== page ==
Hacking GTD

Regardless of the system, I’m a big fan of getting things done. That’s in the lower case context of completing things. I’m still waiting on my library to get me David Allen’s book, but I’ve read enough to be familiar with the system. I’m more interested the parts of the book that don’t get covered much in blog posts. Especially how he approaches the daily/weekly review process.

But as for the actual GTD todo list—with next actions, etc.—it just wasn’t working for my creative projects. I thought it was just me. But then I ran across an article by Antony Johnston, and his GTD failure and revelation.

He found GTD was designed for people like him. He needed to keep track of multiple projects and needed to have an idea of what was due when. GTD helped him organize his projects and create tasks. But the nature of the tasks were different from what a typical businessperson deals with.

…writers have a small number of large tasks that require many hours of work, often over multiple separate days, and mainly in a single continuous environment (i.e. We spend all day in front of our computers, which also makes the @Computer context somewhat redundant). Our working days aren’t primarily interrupt-driven, most of us don’t have staff we can delegate to (or receive new tasks from), and frankly we just want to get on with, you know, writing instead of dealing with all this horrible business stuff.

With GTD he became very organized, but he was not getting things done.

His eventual hack was to start calendaring his next actions. This breaks the idea of the GTD next action (todo) list. But it’s broken in a way that works for writing. I read the article and could see how I was trying to force the square peg of the next action into my round hold of writing time.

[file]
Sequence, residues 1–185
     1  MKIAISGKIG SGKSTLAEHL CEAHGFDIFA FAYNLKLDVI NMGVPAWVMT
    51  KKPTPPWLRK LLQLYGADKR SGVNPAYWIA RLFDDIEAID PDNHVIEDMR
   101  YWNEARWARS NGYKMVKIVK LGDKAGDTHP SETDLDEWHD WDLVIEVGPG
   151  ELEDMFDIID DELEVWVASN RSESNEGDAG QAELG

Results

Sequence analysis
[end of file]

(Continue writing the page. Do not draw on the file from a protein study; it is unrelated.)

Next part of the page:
Johnston shows a screenshot of his calendar with the writing tasks scheduled as all-day events. While I like the idea, I can’t stomach the idea of blocking out a whole day for a task. If a task is scheduled that way it might as well be a single todo list item. I need smaller focus blocks. This is something that I’ve learned about myself this year.

I’ve had some luck with the Pomodoro method when I have several smaller tasks that need banging out. For larger projects, I don’t want a timer running.

So looked at my current personal projects and started estimating. I really have no idea how long they’ll take. But a wild guess is more than I had yesterday. Then I set a deadline. While somewhat arbitrary, I need to have this for the next step.

Then I divided the estimated time by the number of weeks1 until the deadline and found out how much time I need to spend on it each day.

For a project that I estimate will take 60 hours, and due at the end of May:

60 ÷ 4 = 15

So I have to allocate 15 hours per week over the next four weeks. This is about 3 hours per day. Now, it’s looking much more reasonable.

Knowing my daily “number” for a project lets me slot that into my calendar as a work block. This works for me because once something is scheduled I can plan for it. Then it’s just a matter of sitting down and not stopping until the block is done.

In this case, three hours is too much at once. Depending on the day I can do two 90-minute blocks or three hour-long blocks. This is something that I can fit into my schedule without worry. Having my daily number for each project also gives me a way to estimate my workload.

I also have some repeating tasks that still need a block of time, like blogging. For these I pick a block of time, and schedule it on the day I want it done.

One thing I’m not doing is assigning tasks to each work block. When starting a block I’ll take five minutes and decide what I want to get done. This frees me from having to plan out a block in advance. Once I’ve started, figuring out the best tasks to work on is much easier.

The goal of this new system is to get me in front of the keyboard at scheduled times to do the work that needs to be done. So far, so good.

  1. Here I round down, so that 4.5 weeks becomes 4. This way that extra half week is my padding, and also accounts for time taken by other appointments.